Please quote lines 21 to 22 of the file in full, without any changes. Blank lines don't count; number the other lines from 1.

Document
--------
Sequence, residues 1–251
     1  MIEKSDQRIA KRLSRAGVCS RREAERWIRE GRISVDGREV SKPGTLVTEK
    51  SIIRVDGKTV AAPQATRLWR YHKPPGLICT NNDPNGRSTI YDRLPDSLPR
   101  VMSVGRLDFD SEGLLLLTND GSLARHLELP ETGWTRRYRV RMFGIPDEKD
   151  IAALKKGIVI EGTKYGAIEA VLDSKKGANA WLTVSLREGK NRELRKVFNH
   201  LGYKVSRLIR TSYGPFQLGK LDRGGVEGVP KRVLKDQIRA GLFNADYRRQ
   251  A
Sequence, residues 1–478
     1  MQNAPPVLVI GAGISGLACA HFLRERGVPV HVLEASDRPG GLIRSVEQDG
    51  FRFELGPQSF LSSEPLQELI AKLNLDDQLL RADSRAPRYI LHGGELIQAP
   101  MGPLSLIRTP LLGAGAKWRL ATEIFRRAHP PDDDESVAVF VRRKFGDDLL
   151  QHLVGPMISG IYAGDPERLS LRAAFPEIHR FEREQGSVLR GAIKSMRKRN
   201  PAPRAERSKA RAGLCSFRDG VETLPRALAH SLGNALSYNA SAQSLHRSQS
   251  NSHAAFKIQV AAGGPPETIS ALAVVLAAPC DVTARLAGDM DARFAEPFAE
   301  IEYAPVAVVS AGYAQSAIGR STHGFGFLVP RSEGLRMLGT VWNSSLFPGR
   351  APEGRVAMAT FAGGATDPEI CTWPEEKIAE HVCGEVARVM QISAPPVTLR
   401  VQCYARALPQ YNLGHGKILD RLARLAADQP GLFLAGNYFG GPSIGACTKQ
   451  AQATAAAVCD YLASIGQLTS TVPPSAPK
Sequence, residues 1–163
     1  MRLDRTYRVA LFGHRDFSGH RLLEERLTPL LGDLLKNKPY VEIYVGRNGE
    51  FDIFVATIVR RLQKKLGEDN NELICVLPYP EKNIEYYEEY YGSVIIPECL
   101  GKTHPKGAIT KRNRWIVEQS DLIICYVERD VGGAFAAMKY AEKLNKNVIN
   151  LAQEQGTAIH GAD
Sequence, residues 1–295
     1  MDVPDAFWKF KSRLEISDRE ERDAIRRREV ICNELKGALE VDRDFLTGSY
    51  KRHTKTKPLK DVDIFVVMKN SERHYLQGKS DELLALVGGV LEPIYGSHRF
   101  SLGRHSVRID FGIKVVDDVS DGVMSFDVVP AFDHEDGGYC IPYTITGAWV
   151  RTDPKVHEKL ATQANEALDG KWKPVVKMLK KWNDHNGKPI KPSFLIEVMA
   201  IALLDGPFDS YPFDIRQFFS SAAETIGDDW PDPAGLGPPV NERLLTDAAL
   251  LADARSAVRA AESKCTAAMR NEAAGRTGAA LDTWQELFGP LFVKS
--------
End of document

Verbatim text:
    51  FDIFVATIVR RLQKKLGEDN NELICVLPYP EKNIEYYEEY YGSVIIPECL
   101  GKTHPKGAIT KRNRWIVEQS DLIICYVERD VGGAFAAMKY AEKLNKNVIN